Quezon is a province in the Calabarzon region located south of Metro Manila. It is a popular destination for travelers who are looking for a beach getaway they can easily reach or drive to.. The province isn’t just home to beautiful beaches, but also cultural heritage sites.
If you’re planning a trip to the province, here are some of the things to do and experience.
Pahiyas is one of the most colorful festivals in the country. It is characterized by colorful displays and decorations that the entire neighborhood of Lucban participates in. You’ll see elaborate facades that depict the bounties of a good harvest. The townsfolk celebrate this festival every 15th of May.
The festivities date all the way back to the 15th century when farmers used to offer some of their harvest at Mt. Banahaw’s base. They also bring their produce to the church in honor of St. Isidore the Laborer, the patron saint of Lucban. The festival has grown in popularity and creativity over the years. There are now contests, exhibits, shows and parades that showcase the province cultural heritage.
The San Luis Obispo de Tolosa Parish Church or simply known as the Lucban Church dates back to the 16th century. The first structure was a wooden church while the succeeding churches were made of stone and other sturdy materials. The church’s design follows a baroque aesthetic characterized by columns and niches, where you’ll see statues of saints. The church is the starting point of the famous Pahiyas Festival that takes place in May.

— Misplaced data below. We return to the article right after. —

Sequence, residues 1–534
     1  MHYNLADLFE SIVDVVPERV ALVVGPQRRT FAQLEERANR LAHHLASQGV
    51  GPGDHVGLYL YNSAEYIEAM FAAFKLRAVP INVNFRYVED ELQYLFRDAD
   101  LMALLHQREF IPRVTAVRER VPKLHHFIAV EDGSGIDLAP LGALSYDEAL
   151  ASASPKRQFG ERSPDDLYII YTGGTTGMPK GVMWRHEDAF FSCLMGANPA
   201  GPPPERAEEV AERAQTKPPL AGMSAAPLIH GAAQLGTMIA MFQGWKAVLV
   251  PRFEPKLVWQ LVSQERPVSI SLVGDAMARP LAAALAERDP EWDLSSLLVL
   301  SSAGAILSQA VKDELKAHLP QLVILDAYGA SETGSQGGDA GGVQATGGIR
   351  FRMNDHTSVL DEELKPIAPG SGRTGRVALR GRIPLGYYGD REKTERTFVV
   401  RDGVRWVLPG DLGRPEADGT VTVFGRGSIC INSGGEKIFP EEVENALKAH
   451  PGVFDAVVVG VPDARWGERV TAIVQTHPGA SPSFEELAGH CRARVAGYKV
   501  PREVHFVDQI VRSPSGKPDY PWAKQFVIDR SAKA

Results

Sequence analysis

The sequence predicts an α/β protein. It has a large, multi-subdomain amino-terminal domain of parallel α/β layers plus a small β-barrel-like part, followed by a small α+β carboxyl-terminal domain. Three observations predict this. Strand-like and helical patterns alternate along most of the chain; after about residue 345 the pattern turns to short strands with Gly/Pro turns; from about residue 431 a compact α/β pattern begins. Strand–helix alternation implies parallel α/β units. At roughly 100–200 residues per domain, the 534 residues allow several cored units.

This Catholic basilica is the biggest in the province. It has a distinct key-like appearance also makes it stand out. The 103-meter long aisle is also the longest nave among churches that date back to Spanish colonial times.
The church was founded in the 1580s. The first structure used bamboo, anahaw, and nipa as materials. The growing number of Catholics in the community over the centuries led to the expansion and reconstruction of the church using sturdier materials.
Sariaya Heritage Houses
If you want to see how the elite lived in Quezon a century ago, see Sariaya’s heritage houses. The coco barons that lived in Sariaya in the 1900s benefited from the profits generated by copra oil. Their families showcased their wealth through the construction of elaborate homes, such as the Natalio Marquez mansion which has a distinct castle-like exterior with twin spires. There are other unique heritage houses found in the neighborhood.
The church dates back to 1599. The second structure was constructed in 1605 and was replaced by the 1640s. The present structure you see in Sariaya was constructed in 1748. It is home to Sto. Cristo de Burgos of Spain’s 18th-century relic.
This plantation and resort makes a great day trip or overnight stay. The complex is home to the unique waterfall restaurant where you can eat delicious Filipino food. You can also swim in the pool or just hang out. Ride a river raft to enjoy nature and admire the views. There are comfortable rooms for those who want to spend a night or two.
How to go: Board a bus bound for Lucena City. Once there, you can charter a tricycle to take you to Villa Escudero.
Kamay ni Hesus Shrine
This spot is a well-known pilgrimage destination for devotees. The shrine covers around 5 hectares and is believed to have healing powers. You’ll see biblical characters as you explore the complex and make your way to the chapel. One of the reasons people visit is to climb the 290+ steps to see the 50-foot Ascending Christ statue.
How to go to Quezon
Most of the places on this list are in Lucban or on the way to or from it. Quezon Province is easily accessible from Metro Manila. There are many JAM Liner buses departing from Cubao and Manila for P269 one way and from LRT Buendia for P259. From the Diversion road in Lucena City, you can catch a jeep bound for Lucban for around P30.